When my mom had her stroke last spring, I got healthcare POA over her. She's currently in a nursing home. A family member tried to convince me to get durable POA over her (which would include financial POA) when she was in the hospital last spring after I'd gotten the healthcare POA. I ignored their advice as I felt I needed to consult with an attorney with anything financial related and I was fearful a durable POA, since it would include the financial aspect of things, could possibly/somehow create a situation where the hospital or nursing home, etc., might seek me out for billing.
My mom has no money or income/assets or insurance and is in the nursing home she's in under a charity program that is paying for her bed basically.
I have an appointment with a local elder firm soon to discuss durable POA and the 'risks'. In the meantime my question is - does anyone know if having financial POA creates more 'risk' for me in terms of healthcare institutions seeking me to bill for any future care of my mom's? Does the healthcare POA create a similar risk in any aspect/s?
Has anyone here been sought after for payment on healthcare related expenses as a result of being health care and/or financial POA for someone?
A medical power of attorney — also known as a health care proxy or health care agent — is someone who makes health care decisions for the principal if they're incapacitated. It's their job to ensure a senior's wishes, as stated in their advanced directive or living will, are upheld in case of end-of-life care.
A general POA, sometimes called a financial power of attorney, gives an agent power to: Sign documents on the senior's behalf. Open or close bank accounts and withdraw funds. Buy and sell property, real estate, and assets.
I had my name on my parents' bank accounts which enabled me to sign checks FOR them, on their behalf, to close their accounts out when they passed, etc.
You are in more danger of being responsible for her debt if you sign anything without being her DPOA. You need to read every word of anything you sign. Most documents for services have hidden in the wording that by signing you accept financial responsibility. So you would sign as POA for mom and not just you to protect yourself from being responsible.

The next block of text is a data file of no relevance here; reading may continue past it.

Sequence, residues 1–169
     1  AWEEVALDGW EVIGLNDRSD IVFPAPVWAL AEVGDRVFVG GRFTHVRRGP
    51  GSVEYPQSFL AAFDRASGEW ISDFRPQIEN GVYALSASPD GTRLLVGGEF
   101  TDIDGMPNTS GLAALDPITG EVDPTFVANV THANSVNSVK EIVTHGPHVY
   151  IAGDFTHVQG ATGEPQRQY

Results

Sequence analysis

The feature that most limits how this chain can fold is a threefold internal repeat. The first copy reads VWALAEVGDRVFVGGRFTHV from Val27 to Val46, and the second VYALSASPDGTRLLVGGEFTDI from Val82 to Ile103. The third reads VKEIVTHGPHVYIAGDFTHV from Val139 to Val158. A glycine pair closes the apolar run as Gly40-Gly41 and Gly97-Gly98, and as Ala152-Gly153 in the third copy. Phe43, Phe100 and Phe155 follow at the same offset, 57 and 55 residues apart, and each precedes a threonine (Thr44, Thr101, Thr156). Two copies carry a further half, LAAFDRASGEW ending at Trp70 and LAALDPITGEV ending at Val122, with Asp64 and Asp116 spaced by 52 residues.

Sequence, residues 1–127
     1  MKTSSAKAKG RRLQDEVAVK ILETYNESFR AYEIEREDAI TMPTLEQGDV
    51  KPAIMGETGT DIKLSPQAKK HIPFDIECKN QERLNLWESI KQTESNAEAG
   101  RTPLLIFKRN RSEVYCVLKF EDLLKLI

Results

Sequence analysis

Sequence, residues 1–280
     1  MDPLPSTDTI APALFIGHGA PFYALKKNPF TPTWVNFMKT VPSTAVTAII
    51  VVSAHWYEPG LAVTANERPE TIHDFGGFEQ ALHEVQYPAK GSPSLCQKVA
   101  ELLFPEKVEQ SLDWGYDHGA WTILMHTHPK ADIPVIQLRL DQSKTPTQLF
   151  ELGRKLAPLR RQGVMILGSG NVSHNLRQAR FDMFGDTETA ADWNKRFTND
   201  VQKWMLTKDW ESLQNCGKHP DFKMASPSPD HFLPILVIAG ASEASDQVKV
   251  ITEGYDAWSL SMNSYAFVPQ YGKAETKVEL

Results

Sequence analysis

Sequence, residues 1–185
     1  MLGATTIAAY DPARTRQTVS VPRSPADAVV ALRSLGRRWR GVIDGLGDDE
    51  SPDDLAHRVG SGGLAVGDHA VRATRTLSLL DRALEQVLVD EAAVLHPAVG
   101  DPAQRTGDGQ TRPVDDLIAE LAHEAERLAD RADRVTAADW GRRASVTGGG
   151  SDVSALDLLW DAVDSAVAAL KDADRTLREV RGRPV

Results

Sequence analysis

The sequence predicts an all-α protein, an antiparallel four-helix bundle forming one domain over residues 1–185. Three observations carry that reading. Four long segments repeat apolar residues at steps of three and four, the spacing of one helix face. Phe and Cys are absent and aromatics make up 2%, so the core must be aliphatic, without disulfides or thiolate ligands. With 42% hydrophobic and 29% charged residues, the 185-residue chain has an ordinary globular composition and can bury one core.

The checking account was in her name and the names of her 2 POAs.
Perfect record keeping, because NO expenses could be written against “her” account without being overseen by both POAs.
You have zero personal financial responsibility for the person for whom you hold POA, but you shouldn't take on the responsibilities if you don't understand them.
Moreover, unless your Mother is completely mentally competent she can no longer confer upon someone a POA. This is done by a mentally well person, asking another person to manage ALL finances and keep track of every penny in and every penny out, and it is done when they are well for future needs. So it is too late to get Mom to give you POA. You would have to go for guardianship. And why would you? Do you have a reason to want this? Do you feel capable of keeping track of all the finances.
When you are guardian or trustee or POA you sign all papers as POA. So basically you are acting for the person as their POA or their Trustee or their Guardian. But you are not financially responsible for their care. Their own assets, which you manage for them, go to their own care and you keep records of it all.
An attorney will happily explain all of this to you. There is no reason I can see for you to have any of this while your mother is in care, her care is being paid for, and you already are managing her medical decisions for her.
I wish you the best. I was POA and Trustee for my brother. It is a BIG job and you have a lot of time on the phone and arranging things. It isn't to be taken on lightly. I wouldn't want to do this job for anyone again.
When your Mother passes you may be executor or her will or she may have appointed someone else. There will likely be no assets and what assets she had may go to pay back medicaid of whatever governmental agency paid for her care. She likely won't even have a probate to be filed.
I wish you the best.
True that I do know little about this which is why I'm seeking information and as mentioned, do already have a call set up with a local elder care firm.
I took care of my the age 92 to 93-year-old mother back in 2012 to 13 with durable POA to pay bills on her behalf and Never got Billed with her expenses. She got Medicaid to pay her expenses. I was not financially responsible for her final legal or medical expenses because OR State where Mom lived will eventually get repaid after I leave my condo or pass away. Much more humane than the State of CA. The only financial responsibility left is a small promissory note against the CA condo where she once lived with me before nursing home in OR near my brother.
I hope you by now seeked counsel with an eldercare attorney about your mother's situation. Remember, you are never responsible for your mother's expenses. It comes from her Medicaid assistance and estate after her death. If no funds left, the State eats her final expenses, Not You.
I, personally, think that everyone should read the state laws that govern POAs for their state, because you are accountable to that law and ignorance is no excuse for breaking those laws.
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